An STD/ STI is a sexually transmitted infection. At the moment, STIs are incredibly common – it wouldn’t be wrong to state that currently, we are in the middle of an epidemic of many SGIs, including chlamydia, gonorrhea, and syphilis.
Many people are confused between the terminology STI and STD. Both are absolutely the same thing – STIs used to be called STDs or sexually transmitted diseases. Over the years, scientists have decided to take away the word disease and replace it with the word infection.
Just to clarify – STIs and STDs are the exact same thing.
What are Some of the Common STIs?
Some of the most common STIs in the world include HPV – also known as Human Papillomavirus or genital warts. This virus can cause genital warts. Another common STI in the world is chlamydia. Gonorrhea is another bacterial STI that is extremely common.
We also have some viral STIs, such as HIV. There are also other STIs, such as syphilis.
The primary reason that you should get tested is also the very reason that STIs are quite common in the first place. The thing is that many STIs have no apparent symptoms. For instance, up to 80% of young women don’t display any symptoms at all if they have a chlamydia infection.
This is also the case with other sexually transmitted infections, such as syphilis and HIV, where the affected people may not know they have the infection until the disease has progressed so much later.
For this very reason, it is essential to get tested – especially at the start of a new romantic relationship.
What Are the Symptoms of STIs in Men and Women?
For many women, a vaginal discharge is perfectly normal – which is also known as a physiological discharge. However, in certain cases, for instance, if you have an STI, you can develop something that is medically referred to as a pathological discharge.
This kind of discharge is an abnormal discharge – for example, you will want to watch out for a discharge that smells unpleasant, or that is different from a normal discharge. You will also want to look out for a vaginal discharge that has an unusual color – for instance – yellow, green, or gray.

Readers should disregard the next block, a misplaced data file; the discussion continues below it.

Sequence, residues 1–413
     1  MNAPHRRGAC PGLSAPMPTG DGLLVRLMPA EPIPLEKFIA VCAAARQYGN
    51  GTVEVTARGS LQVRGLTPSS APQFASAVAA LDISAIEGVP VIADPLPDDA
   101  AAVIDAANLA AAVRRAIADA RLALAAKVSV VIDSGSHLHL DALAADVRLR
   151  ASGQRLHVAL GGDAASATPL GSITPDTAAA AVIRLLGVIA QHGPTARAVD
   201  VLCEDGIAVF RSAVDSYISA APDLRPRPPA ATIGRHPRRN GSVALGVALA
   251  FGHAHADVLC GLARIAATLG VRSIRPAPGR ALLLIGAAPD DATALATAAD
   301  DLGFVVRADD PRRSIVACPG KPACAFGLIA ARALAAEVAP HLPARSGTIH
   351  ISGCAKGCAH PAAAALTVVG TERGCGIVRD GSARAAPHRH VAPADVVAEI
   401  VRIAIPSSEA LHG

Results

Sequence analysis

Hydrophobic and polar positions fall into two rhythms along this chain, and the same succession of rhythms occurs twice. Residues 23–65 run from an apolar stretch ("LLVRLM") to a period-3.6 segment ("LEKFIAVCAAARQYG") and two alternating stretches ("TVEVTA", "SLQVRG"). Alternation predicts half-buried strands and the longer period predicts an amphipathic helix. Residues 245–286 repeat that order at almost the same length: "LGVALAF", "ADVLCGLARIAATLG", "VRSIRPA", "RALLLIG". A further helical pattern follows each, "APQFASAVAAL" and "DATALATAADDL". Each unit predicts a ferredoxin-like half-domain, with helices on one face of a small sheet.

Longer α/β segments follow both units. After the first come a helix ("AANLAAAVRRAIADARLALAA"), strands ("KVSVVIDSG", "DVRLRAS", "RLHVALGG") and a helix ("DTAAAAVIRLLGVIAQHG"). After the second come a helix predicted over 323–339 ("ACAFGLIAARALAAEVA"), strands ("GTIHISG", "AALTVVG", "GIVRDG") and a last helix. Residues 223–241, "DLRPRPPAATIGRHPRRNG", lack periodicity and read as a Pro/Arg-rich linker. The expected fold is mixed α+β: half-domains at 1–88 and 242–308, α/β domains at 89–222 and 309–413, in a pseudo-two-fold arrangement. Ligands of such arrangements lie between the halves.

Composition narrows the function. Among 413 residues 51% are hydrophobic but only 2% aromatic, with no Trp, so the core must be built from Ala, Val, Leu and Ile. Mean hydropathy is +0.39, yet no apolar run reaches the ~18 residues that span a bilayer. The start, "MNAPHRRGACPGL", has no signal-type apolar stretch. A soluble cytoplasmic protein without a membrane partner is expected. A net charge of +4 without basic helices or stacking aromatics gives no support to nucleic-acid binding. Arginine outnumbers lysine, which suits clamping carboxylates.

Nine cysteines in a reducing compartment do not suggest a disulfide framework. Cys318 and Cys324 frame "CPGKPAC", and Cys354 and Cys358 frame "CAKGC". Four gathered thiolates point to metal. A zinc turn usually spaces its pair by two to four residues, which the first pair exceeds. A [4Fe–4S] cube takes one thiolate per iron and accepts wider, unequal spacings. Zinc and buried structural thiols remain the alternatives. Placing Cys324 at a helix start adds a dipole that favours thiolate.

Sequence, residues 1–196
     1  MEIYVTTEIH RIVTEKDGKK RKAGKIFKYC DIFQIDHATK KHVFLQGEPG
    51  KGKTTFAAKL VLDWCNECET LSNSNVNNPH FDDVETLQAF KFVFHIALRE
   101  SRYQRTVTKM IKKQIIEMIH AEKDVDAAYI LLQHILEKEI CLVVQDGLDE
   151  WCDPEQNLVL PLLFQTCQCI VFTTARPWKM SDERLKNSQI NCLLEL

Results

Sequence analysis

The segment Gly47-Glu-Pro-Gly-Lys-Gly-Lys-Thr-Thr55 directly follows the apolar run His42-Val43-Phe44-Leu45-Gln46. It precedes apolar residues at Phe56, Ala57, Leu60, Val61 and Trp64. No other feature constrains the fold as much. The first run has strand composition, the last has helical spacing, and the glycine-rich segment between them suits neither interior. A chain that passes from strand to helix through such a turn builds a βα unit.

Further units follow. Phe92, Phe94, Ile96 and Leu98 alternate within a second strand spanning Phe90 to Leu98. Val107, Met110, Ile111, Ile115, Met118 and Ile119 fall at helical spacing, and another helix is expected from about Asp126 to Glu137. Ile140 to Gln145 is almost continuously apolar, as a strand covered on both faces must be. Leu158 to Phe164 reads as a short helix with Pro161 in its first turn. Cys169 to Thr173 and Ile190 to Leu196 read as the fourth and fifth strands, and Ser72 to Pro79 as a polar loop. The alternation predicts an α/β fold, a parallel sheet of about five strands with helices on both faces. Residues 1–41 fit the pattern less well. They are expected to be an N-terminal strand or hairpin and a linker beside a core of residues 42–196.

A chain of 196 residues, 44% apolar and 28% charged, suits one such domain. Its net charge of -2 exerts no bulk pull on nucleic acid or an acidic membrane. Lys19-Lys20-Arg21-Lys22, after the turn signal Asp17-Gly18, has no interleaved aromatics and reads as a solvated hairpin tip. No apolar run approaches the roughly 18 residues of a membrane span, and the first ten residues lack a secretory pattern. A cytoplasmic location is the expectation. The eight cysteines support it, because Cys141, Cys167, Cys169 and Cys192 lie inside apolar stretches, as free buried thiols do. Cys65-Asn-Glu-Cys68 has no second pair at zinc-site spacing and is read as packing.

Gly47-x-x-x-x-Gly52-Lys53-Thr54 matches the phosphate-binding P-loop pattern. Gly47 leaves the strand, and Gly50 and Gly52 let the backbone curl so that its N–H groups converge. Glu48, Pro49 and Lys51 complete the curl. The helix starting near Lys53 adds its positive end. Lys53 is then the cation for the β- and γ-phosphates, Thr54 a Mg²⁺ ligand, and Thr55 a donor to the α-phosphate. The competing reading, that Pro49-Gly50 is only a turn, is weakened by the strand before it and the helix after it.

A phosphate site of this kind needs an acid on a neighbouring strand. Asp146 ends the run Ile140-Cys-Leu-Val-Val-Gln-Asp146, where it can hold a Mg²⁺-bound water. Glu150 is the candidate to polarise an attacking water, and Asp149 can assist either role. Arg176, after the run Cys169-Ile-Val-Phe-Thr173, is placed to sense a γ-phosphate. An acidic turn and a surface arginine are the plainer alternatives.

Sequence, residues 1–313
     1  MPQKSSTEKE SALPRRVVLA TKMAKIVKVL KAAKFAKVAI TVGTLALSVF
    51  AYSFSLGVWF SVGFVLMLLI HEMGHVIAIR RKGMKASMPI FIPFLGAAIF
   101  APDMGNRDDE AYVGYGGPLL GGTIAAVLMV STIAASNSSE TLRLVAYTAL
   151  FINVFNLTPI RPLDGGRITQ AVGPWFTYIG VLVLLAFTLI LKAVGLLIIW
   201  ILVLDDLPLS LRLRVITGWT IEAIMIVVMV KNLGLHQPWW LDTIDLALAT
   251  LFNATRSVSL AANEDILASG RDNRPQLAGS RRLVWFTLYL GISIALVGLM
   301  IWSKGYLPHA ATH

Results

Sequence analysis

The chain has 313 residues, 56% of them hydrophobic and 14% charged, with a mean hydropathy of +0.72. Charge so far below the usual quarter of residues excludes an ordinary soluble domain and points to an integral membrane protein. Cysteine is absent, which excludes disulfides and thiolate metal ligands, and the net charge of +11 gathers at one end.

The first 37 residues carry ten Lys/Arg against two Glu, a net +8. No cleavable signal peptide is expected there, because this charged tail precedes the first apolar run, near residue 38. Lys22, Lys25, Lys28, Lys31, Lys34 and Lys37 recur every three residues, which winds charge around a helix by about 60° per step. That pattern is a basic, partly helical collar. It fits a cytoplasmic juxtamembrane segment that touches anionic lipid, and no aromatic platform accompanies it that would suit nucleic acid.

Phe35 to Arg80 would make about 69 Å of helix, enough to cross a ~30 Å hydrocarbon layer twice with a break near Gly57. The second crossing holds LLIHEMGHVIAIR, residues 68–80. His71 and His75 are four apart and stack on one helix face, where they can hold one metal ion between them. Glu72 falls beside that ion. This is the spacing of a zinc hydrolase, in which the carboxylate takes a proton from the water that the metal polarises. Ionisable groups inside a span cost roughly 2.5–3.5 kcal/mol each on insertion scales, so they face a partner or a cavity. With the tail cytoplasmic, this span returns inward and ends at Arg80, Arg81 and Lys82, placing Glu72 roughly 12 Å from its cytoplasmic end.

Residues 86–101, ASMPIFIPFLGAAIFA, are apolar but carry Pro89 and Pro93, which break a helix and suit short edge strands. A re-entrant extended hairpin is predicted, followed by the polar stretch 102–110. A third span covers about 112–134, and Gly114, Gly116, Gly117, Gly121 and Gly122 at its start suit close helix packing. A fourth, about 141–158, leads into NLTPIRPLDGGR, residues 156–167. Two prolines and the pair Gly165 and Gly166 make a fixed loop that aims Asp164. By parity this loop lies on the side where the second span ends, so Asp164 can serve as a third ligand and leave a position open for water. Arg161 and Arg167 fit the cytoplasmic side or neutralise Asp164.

Some women might experience an alternation in their periods. Some women will experience some bleeding after they have sexual intercourse – some women might experience bleeding in between their periods.
Some women with an STI experience pain during or after intercourse.
You get the point – these are all signs of STI in women.
In comparison to women, men tend to experience slightly different symptoms than women. For instance, men with an STI might experience a discharge from their penis. They might as well experience stinging or burning when they urinate.
Occasionally, men with an STI might also experience blood in the sperm or pain after ejaculation. They might as well experience testicular discomfort or pain.
Depending on the type of sex one is having, one can also experience rectal symptoms. For instance, if you are having anal sex, you might experience a discharge from the anus. The color of the discharge might be green or bloody.
You could also experience a sore throat if you are having unprotected oral sex.
What Happens if an STI isn’t Diagnosed or Treated?
It is essential to mention here that many STIs have no symptoms at all, such as the case of chlamydia in women. Women can also develop an infection known as a pelvic inflammatory disease, which is where the STI infects the fallopian tubes and the uterus.
Now, if this STI remains undiagnosed and untreated for a longer time, it can lead to infertility at a later date. Men can develop testicular infections, which are also linked to men’s infertility. This perfectly explains the importance of getting diagnosed and treated for STIs.
You can avail yourself of the best std treatment online if you don’t want to visit a clinic in person. Rest assured, all diagnoses and treatments are confidential, and all STIs are treatable and curable. With that said, if you have any unusual genital symptoms, such as any unusual discharge, pain in the genital area, or abnormal bleeding, you will want to get tested.
Also, if you notice any lumps or bumps in the genital area or new rashes, you must go to the nearest clinic or opt for online treatment and get tested.
The bottom line is that everybody who is sexually active should get tested. It doesn’t matter whether you are in a monogamous relationship – or – whether you have multiple sexual partners – you will want to have protected sex and get tested.
Suppose you are at the beginning of a new relationship and thinking about making it a romantic relationship. In that case, you will want to start the relationship with a clean slate and get yourself, and your partner tested. Most tests are non-invasive and often require only a urine sample.
Other tests might require a swab sample from your inner cheeks. It is always a good thing for your sexual health to get a full screen.